NYU students from all majors are invited to attend our largest fair of the year to explore part-time, full-time and internship opportunities. Meet with employers and learn more about both domestic and international positions.

Engineering & Technology Fall Fair

Thursday, September 18, 2014 11am – 3pm | NYU Brooklyn Campus, Jacobs Gymnasium
NYU students are invited to attend this fair to meet with a large number of employers from diverse industries. Explore full-time, part-time and internship opportunities in fields including Engineering, Computer Hardware/Software, Technology, Science, Management, and Digital Media among others.

Wasserman Graduate Student Advisory Board

Lei Lei is a second year student in the Master of Science program in Information Systems. He is also a student worker at the Wasserman Center and a member of the Wasserman Graduate Student Advisory Board.  

Lei Lei - Student in the Master of Science program in Information Systems

The Wasserman Graduate Student Career Development Team asked Lei what his favorite things are about the Wasserman Center, and here is what he said:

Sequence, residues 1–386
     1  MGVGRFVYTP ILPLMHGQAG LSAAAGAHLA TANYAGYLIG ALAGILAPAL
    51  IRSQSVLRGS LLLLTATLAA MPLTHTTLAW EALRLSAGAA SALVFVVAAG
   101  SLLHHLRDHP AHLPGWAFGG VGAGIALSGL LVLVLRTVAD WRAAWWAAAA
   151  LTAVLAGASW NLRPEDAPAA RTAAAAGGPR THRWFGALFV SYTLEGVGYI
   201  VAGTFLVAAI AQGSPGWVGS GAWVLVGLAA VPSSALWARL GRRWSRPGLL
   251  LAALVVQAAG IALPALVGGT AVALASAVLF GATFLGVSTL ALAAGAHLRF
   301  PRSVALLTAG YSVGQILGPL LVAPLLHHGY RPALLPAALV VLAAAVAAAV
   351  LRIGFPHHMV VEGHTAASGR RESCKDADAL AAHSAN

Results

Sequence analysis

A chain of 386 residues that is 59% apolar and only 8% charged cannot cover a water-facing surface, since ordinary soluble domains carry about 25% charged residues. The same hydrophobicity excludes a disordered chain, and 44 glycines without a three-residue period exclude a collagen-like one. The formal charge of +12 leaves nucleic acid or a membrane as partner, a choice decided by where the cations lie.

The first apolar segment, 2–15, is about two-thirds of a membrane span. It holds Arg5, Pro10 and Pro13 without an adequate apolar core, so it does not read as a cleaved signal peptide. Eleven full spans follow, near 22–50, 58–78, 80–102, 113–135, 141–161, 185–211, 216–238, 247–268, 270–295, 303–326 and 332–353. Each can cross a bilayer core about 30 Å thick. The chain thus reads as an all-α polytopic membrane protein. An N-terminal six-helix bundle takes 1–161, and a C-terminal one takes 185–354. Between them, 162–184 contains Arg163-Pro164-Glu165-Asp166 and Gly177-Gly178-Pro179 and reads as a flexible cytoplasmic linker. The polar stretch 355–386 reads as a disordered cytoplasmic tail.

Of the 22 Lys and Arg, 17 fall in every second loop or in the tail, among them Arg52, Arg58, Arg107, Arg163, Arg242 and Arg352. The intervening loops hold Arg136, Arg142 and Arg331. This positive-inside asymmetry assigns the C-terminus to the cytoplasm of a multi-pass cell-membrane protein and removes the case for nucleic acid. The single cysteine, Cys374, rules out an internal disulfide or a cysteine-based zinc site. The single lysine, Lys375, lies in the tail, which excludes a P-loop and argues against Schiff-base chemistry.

1. Extremely helpful career coaching (both walk-ins and appointments).

2. Close contact with employers by attending the Employer Information Sessions.

3. Free printing, free coffee, and free place to take a rest (nowhere else on campus can combine these three in one place)!

Want to learn more about the Wasserman Center resources and services for graduate students?

Attend the Graduate Student Welcome Reception at Wasserman! Thursday, August 28th from 9-10:30 am!

The NYU Wasserman Center for Career Development is located at:

133 E 13th St #2, New York, NY

Connect with graduate students from across the university and expand your NYU network at NYU Wasserman’s Graduate Student Welcome Reception! Participants will also learn about the many programs, resources and services that the Wasserman Center for Career Development offers for graduate students. Breakfast will be served. Please RSVP here.

Looking to get more involved? Join the Graduate Student Advisory Board